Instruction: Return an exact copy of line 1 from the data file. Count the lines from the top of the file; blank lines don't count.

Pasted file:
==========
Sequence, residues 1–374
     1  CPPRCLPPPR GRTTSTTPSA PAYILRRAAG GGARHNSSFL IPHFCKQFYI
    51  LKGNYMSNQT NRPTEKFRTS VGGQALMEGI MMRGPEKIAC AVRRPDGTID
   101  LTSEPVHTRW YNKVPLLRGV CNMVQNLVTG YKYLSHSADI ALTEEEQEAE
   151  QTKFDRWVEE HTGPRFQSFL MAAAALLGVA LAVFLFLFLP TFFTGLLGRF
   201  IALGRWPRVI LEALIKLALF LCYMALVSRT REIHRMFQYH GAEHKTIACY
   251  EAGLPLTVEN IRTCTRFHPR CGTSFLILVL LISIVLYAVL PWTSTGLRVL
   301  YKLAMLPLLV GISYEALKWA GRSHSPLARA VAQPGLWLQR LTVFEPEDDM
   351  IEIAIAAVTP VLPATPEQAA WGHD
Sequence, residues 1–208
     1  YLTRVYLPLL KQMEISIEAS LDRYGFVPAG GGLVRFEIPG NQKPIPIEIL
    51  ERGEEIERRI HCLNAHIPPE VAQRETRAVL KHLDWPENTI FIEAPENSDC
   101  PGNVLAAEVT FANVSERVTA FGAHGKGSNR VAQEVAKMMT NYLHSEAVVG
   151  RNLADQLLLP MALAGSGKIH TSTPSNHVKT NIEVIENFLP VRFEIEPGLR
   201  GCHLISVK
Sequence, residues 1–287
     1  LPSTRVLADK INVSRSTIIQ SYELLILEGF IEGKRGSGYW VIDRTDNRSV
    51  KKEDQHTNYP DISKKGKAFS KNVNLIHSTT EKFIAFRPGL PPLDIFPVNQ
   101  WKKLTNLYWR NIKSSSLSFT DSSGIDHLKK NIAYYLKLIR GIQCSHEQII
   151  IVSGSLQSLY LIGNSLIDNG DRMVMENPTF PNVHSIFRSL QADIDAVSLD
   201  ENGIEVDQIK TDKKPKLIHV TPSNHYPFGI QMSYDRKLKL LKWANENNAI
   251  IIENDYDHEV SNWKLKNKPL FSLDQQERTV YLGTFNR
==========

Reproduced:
Sequence, residues 1–374